Boris Johnson has bowed to pressure and will scrap the NHS surcharge for migrant healthcare workers.
A Downing Street spokesman said the prime minister asked the Home Office and Department of Health and Social care to remove NHS and care workers from the scheme “as soon as possible”, despite ruling it out only yesterday.
“Work by officials is now underway on how to implement the change and full details will be announced in the coming days,” said the No10 spokesman.
‘Look at the realities’ – PM
Keir Starmer raised the issue during PMQs in the Commons on Wednesday, describing the fee as “unjust”, particularly in light of the efforts of such workers in fighting the coronavirus and their contribution to the country.
Johnson told the Labour leader to “look at the realities” and ruled about scrapping the healthcare surcharge because it raises “about £900 million” for the Treasury.
Govt’s position: ‘Appalling and monstrous’ says ex-Tory party chairman
However, the pressure has since intensified on the PM with his own backbenchers joining opposition MPs and peers in calling for the scheme to end.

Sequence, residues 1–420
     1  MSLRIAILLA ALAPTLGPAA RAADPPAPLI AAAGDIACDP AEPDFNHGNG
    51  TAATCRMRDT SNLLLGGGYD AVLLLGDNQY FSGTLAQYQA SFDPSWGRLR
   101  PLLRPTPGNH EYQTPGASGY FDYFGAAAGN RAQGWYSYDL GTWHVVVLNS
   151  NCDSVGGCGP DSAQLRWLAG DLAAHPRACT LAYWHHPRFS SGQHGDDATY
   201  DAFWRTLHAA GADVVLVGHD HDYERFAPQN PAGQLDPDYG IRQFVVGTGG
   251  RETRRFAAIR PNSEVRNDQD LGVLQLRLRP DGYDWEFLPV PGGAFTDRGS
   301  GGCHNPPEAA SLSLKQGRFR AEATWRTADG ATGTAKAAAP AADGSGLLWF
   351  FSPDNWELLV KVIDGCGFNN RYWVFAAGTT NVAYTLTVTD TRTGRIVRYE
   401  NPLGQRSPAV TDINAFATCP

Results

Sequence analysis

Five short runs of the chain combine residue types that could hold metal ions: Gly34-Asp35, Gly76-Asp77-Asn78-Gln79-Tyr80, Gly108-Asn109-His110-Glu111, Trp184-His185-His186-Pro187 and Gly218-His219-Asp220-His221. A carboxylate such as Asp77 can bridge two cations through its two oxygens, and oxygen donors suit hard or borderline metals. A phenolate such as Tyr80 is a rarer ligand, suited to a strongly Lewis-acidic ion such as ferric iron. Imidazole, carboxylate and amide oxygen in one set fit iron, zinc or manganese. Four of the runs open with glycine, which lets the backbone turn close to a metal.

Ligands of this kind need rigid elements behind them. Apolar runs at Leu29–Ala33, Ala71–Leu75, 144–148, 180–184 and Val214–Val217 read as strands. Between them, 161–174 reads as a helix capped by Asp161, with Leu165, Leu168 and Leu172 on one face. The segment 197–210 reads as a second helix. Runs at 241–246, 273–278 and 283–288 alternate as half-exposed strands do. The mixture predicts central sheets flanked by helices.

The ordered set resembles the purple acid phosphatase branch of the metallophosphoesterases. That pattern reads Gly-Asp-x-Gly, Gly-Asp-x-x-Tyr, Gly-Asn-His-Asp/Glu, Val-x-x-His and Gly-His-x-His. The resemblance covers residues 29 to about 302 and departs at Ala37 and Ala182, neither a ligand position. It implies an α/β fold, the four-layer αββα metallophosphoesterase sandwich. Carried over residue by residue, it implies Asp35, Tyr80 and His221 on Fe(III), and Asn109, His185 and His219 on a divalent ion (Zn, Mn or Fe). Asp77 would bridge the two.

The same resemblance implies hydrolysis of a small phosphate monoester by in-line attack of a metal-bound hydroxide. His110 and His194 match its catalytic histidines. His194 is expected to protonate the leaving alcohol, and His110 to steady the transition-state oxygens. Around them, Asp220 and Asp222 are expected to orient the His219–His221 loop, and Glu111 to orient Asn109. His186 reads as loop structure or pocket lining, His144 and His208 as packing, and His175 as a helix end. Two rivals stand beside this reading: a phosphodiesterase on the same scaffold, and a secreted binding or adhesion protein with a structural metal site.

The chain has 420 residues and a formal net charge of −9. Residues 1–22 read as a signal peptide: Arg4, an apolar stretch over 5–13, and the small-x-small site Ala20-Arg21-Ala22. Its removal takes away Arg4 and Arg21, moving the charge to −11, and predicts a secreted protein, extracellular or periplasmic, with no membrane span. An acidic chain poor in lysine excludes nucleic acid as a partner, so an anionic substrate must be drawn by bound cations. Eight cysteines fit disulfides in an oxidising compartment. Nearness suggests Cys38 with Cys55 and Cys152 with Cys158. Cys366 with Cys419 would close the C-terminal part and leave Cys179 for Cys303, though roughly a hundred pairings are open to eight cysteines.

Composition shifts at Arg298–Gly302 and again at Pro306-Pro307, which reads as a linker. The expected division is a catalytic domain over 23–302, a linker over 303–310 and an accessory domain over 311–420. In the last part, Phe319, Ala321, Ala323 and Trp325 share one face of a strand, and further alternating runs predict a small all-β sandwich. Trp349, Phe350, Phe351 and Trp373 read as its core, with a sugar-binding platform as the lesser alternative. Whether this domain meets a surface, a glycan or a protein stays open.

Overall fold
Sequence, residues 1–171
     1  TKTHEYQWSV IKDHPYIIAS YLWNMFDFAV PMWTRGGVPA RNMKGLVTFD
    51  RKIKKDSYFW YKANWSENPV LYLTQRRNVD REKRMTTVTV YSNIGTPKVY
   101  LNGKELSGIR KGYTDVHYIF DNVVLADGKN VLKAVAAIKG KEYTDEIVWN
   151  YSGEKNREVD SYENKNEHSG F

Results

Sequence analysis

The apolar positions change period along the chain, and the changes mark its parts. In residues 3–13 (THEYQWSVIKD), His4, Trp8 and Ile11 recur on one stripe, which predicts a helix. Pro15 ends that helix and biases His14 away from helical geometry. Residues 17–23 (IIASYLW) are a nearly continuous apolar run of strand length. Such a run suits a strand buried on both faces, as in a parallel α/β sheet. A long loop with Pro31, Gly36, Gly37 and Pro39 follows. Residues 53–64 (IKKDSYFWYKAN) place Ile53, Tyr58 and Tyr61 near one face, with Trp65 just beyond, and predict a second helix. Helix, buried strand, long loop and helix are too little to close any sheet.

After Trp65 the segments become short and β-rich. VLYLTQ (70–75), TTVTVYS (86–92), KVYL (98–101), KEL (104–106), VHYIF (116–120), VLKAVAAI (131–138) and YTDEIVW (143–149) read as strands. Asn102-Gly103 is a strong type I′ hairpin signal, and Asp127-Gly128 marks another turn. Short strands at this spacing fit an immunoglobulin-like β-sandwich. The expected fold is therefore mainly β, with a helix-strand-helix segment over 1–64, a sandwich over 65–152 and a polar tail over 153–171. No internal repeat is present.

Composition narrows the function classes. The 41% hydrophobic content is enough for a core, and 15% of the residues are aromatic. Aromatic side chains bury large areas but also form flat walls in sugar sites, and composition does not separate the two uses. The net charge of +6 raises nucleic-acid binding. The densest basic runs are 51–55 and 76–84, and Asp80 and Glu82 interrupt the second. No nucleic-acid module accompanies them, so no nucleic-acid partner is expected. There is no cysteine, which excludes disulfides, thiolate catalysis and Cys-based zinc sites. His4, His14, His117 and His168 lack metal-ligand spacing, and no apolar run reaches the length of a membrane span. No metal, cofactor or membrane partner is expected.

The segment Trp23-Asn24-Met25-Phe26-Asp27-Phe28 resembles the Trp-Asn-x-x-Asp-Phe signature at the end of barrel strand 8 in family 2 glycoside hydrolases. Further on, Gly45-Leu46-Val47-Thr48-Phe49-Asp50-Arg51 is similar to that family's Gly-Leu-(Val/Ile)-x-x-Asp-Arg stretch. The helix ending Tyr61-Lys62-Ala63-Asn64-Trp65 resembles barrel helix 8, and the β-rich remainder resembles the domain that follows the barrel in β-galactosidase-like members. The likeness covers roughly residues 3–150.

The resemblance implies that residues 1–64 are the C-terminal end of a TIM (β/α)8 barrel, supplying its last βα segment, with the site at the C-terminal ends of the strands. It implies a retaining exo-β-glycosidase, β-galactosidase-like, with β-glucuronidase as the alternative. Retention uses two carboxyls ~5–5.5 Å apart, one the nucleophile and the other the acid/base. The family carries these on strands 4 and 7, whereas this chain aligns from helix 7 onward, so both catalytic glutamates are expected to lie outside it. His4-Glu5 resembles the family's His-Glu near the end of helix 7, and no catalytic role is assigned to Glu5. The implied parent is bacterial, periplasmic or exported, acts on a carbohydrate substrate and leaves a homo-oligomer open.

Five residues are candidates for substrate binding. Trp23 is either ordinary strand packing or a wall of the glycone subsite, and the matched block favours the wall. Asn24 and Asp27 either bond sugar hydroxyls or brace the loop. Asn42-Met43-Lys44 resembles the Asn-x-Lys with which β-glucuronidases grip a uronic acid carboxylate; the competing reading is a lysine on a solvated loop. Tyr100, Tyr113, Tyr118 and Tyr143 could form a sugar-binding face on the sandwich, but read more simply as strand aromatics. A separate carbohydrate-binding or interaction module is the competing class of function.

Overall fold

Lord Patten – the former conservative party chairman – described the government’s position as “appalling” and “monstrous” while former health secretary Jeremy Hunt, who introduced the fee in 2015, called for the policy to change.
Hunt told BBC Radio 4’s Political Thinking podcast: “Given the sacrifices that we’ve seen during the coronavirus pandemic, low-paid frontline health and care workers need to be thought about differently, and I think one of the ways that we could do this is by looking at that surcharge, so I very much hope the government will do something.”
‘U-turn is a big win for Starmer’
The government previously announced that doctors, nurses and paramedics would be made exempt from the fee but immediately came under pressure to include all migrant healthcare workers.
The Guardian reports that “all NHS workers, including porters and cleaners” as well as independent health and social care workers will now also be exempt.
Announcing the U-turn this afternoon (Thursday), the No10 spokesman added: “As the PM said in the House of Commons [during yesterday’s PMQs], he has been thinking about this a great deal. He has been a personal beneficiary of carers from abroad and understands the difficulties faced by our amazing NHS staff.”
The Conservative supporting Telegraph – which previously employed Johnson as a reporter and columnist – described the U-turn as a “big win” for Starmer ,“though it shouldn’t necessarily be viewed as a set back” for the PM.
Because, writes Michael Deacon, “U-turns aren’t always a sign of weakness. In fact, they can be a sign of strength. Because a good leader listens. And a good Leader of the Opposition forces him to do so.”